16
Oct

Unforgotten

by Eric Shun (エリック旬)

(mirrors http://s2b2.livejournal.com/65716.html)

“Something is wrong with me. Every time I try to sleep, all I see is him.”

Ogiwara closed his eyes, waiting for the throbbing in his head to subside. These past few months had been difficult for him. Day by day his body continued to fall apart; first the sleeplessness, then the fatigue, followed by lack of appetite and strange dreams whenever he did manage to sleep. Now he had a new ailment to add to the list: migraines.

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6
Aug

When ‘No’ Means Yes

by Eric Shun (エリック旬)
illustrated by peparo

(mirrors http://s2b2.livejournal.com/52675.html)

They say orange is the new black.

“They” were the fashion magazines Tray flipped through. The pages scented faintly of perfume and cologne flashed past his eyes in a blur of mismatched, vivid colors, but none of it motivated him for his assignment. He threw the issue of Vogue magazine onto the floor and its covers sprawled like a dilapidated tent, the pages crushed by the weight of its spine.

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15
Feb

Social Disorders Can Always be Cured with a Kiss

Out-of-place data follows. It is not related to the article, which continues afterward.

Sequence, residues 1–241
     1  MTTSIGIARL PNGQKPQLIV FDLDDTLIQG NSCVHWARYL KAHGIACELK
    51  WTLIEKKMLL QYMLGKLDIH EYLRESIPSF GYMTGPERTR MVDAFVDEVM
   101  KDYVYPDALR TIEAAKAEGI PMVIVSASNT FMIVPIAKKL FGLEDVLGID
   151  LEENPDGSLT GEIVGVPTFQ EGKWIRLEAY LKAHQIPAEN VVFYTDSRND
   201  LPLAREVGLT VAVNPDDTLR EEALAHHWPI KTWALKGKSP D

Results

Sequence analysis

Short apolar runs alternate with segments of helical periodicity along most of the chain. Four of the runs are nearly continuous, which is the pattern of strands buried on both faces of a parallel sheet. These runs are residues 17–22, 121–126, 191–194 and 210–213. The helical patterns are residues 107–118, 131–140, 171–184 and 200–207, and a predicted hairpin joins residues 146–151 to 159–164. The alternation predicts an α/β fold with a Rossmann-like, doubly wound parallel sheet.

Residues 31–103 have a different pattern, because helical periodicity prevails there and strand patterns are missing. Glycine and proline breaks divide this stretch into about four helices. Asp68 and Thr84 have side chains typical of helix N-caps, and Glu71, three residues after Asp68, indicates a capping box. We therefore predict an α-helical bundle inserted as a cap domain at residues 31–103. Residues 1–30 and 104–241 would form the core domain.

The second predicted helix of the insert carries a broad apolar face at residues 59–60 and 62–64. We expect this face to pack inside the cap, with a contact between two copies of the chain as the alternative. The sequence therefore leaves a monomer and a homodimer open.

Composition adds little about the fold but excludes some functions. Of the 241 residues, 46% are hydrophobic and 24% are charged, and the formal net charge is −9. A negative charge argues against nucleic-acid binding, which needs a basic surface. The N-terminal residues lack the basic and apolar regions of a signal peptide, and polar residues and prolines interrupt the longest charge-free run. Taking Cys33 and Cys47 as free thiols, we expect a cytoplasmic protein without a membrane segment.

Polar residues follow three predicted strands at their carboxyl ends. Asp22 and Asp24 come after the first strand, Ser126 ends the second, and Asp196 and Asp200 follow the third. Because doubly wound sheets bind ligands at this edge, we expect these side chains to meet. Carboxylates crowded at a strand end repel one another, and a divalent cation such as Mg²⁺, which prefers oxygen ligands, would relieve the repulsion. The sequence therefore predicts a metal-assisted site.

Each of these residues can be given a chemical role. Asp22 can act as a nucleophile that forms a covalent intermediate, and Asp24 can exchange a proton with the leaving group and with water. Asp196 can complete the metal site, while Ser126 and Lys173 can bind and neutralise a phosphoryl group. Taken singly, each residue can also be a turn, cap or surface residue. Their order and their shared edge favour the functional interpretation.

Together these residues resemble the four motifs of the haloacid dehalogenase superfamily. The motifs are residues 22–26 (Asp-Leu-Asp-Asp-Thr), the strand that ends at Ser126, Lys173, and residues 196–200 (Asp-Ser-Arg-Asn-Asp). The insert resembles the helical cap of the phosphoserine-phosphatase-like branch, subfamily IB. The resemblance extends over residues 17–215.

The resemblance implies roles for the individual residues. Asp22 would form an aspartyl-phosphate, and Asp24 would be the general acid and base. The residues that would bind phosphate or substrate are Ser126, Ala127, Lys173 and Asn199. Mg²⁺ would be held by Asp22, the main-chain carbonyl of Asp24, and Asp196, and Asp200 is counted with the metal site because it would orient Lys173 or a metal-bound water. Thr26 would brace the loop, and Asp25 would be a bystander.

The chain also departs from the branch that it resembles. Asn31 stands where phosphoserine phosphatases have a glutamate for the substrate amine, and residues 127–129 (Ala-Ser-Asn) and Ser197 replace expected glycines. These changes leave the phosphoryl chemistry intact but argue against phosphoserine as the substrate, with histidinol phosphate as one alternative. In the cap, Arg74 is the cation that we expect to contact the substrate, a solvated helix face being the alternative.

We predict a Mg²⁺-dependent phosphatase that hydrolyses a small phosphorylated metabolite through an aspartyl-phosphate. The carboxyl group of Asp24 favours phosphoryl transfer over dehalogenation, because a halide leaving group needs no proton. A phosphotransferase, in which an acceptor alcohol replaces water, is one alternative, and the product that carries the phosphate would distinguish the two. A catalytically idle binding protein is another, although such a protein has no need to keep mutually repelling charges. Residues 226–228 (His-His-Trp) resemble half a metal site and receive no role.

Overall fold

by Eric Shun (エリック旬)
illustrated by pearljamz

(mirrors http://s2b2.livejournal.com/39639.html)

“My son hasn’t left his room in months.”

Hiro nodded as he placed groceries into plastic bags, taking special care not to squish the French bread with the jars of jam.

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15
Feb

The Promiscuous Boy and the Monk

by Eric Shun (エリック旬)
illustrated by pearljamz

(mirrors http://s2b2.livejournal.com/41486.html)

Samurai weren’t allowed to attend kabuki performances for a reason.

Officially the shogunate declared that samurai, being elite warriors as they were, should not mingle with the common folk and take on their affairs. Kabuki, of course, was considered as “one of those affairs”.

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21
Dec

12:24AM

by Eric Shun (エリック旬)
illustrated by pearljamz

(mirrors http://s2b2.livejournal.com/32160.html)

One Christmas Eve (and coincidentally, on his 23rd birthday), Norton found himself in a bar a lot smaller than the ones he usually frequented after his shift. This one was the size of a tiny outdoor shed, much too small to be a bar, really. He took his seat by the bar, ordered a Seven and Seven on the rocks, watching as the bartender expertly mixed Seagram’s Seven whiskey with a can of ice-cold 7up. This was a classic bartender tending to a classic bar. There was no disco ball, no loud thumping music. The bartender was dressed in a crisp dress shirt, his black vest wrapped around him with vintage flair. Under the dim light of the suspended lamps, Norton could see he was the only customer here. The bartender discreetly focused all of his attention on Norton, eyeing his police uniform, his badge, and the pouch on his side that held his heavy gun.

Norton stifled a laugh. ‘He probably thinks I’m checking out his bar, praying I won’t cite him for safety code violations.’

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